Urged by faith, we are obliged to believe and to maintain that the Church is one, holy, catholic, and also apostolic. We believe in her firmly and we confess with simplicity that outside of her there is neither salvation nor the remission of sins, as the Spouse in the Canticles [Sgs 6:8] proclaims: "One is my dove, my perfect one. She is the only one, the chosen of her who bore her," and she represents one sole mystical body whose Head is Christ and the head of Christ is God [1 Cor 11:3]. In her then is "one Lord, one faith, one baptism" [Eph 4:5]. There had been at the time of the deluge only one ark of Noah, prefiguring the one Church, which ark, having been finished to a single cubit, had only one pilot and guide, i.e., Noah, and we read that, outside of this ark, all that subsisted on the earth was destroyed. We venerate this Church as one, the Lord having said by the mouth of the prophet: "Deliver, O God, my soul from the sword and my only one from the hand of the dog" [Ps 21:20]. He has prayed for his soul, that is for himself, heart and body; and this body, that is to say, the Church, He has called one because of the unity of the Spouse, of the faith, of the sacraments, and of the charity of the Church. This is the tunic of the Lord, the seamless tunic, which was not rent but which was cast by lot [Jn 19:23-24]. Therefore, of the one and only Church there is one body and one head, not two heads like a monster; that is, Christ and the Vicar of Christ, Peter and the successor of Peter, since the Lord speaking to Peter Himself said: "Feed My sheep" [Jn 21:17], meaning, My sheep in general, not these, nor those in particular, whence we understand that He entrusted all to him [Peter]. Therefore, if the Greeks or others should say that they are not confided to Peter and to his successors, they must confess not being the sheep of Christ, since Our Lord says in John "there is one sheepfold and one shepherd." ... Furthermore, we declare, we proclaim, we define that it is absolutely necessary for salvation that every human creature be subject to the Roman Pontiff.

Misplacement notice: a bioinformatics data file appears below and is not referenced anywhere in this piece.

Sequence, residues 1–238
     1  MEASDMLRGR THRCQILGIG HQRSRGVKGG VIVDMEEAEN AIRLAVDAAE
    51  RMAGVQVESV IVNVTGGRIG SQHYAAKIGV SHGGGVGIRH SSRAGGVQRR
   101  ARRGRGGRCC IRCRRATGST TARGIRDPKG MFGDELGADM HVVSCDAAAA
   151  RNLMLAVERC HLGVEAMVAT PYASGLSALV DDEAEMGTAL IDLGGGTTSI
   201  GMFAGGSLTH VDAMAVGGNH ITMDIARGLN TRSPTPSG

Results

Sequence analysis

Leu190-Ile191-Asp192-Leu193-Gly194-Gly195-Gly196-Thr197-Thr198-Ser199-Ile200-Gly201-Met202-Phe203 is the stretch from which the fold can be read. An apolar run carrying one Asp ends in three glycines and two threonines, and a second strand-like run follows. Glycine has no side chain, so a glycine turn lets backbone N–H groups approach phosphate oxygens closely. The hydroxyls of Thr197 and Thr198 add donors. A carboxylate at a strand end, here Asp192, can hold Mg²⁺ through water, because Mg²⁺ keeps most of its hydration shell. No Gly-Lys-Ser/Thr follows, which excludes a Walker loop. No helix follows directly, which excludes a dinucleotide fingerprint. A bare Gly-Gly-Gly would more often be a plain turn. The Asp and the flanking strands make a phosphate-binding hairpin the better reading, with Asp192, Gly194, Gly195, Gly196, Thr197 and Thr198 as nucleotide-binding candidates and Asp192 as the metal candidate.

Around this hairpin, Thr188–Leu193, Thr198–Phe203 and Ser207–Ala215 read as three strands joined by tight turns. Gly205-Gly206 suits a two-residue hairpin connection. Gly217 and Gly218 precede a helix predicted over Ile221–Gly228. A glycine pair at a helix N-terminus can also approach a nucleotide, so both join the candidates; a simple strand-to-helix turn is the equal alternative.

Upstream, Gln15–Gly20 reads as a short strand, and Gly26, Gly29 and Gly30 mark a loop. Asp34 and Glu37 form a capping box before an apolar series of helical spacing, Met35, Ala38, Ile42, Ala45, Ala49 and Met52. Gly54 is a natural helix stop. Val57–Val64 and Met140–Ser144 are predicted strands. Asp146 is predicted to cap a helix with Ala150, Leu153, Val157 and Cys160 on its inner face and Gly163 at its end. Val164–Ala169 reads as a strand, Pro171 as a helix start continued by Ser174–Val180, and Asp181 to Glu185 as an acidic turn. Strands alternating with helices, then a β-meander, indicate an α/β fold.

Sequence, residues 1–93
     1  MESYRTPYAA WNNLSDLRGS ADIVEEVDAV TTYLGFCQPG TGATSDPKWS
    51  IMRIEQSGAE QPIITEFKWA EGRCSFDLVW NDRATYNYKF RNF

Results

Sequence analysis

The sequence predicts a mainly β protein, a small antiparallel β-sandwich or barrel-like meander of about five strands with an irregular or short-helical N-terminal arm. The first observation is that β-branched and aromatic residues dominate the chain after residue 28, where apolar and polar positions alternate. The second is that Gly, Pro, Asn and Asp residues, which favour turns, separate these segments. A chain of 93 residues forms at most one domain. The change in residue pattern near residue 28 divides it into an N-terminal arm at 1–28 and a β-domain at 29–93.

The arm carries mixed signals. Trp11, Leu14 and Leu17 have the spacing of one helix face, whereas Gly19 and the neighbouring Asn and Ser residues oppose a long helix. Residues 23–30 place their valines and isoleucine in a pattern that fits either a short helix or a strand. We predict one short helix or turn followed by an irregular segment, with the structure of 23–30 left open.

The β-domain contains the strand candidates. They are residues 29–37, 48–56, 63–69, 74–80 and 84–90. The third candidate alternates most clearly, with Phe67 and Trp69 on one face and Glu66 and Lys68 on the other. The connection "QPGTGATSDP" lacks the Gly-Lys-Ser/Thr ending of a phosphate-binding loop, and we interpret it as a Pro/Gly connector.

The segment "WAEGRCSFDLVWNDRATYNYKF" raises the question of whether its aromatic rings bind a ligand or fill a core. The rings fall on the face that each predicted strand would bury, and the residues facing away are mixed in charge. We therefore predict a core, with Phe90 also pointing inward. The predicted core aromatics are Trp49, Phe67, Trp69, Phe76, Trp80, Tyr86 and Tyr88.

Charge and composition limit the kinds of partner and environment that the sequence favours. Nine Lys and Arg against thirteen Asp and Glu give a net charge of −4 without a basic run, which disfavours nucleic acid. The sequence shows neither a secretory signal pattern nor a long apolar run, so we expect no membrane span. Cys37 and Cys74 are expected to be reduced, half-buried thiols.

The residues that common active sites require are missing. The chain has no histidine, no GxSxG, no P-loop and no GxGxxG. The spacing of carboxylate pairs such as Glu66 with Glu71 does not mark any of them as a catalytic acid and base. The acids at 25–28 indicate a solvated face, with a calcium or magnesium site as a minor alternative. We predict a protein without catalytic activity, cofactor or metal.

Pope Clement VI of Rome, Letter "Super quibusdam" to the Consolator, the Armenian Catholicos Mekhitar I of Cilicia (9/20/1351) [DS 570B]: "In the second place, we ask whether you and the Armenians obedient to you believe that no man of the wayfarers outside the faith of this Church, and outside the obedience of the Pope of Rome, can finally be saved."
Pope Leo XI of Rome, :

Bl. Pope Innocent XI of Rome, "Various Errors on Moral Subjects ... Condemned in a decree of the Holy Office, March 4, 1679" [DS 1214]:
"#64 A person is fit for absolution, however much he labors under an ignorance of the mysteries of the faith, and even if through negligence, even culpable, he does not know the mystery of the most blessed Trinity, and of the incarnation of our Lord Jesus Christ."
Pope Pius VI of Rome, 

Pope Benedict XIV of Rome ;

Pope Leo XII of Rome, Encyclical "Ubi Primum" 14 (5/5/1824):
It is impossible for the most true God, who is Truth Itself, the best, the wisest Provider, and the Rewarder of good men, to approve all sects who profess false teachings which are often inconsistent with one another and contradictory, and to confer eternal rewards on their members. For we have a surer word of the prophet, and in writing to you We speak wisdom among the perfect; not the wisdom of this world but the wisdom of God in a mystery. By it we are taught, and by divine faith we hold one Lord, one faith, one baptism, and that no other name under Heaven is given to men except the Name of Jesus Christ of Nazareth in which we must be saved. This is why we profess that there is no salvation outside the Church.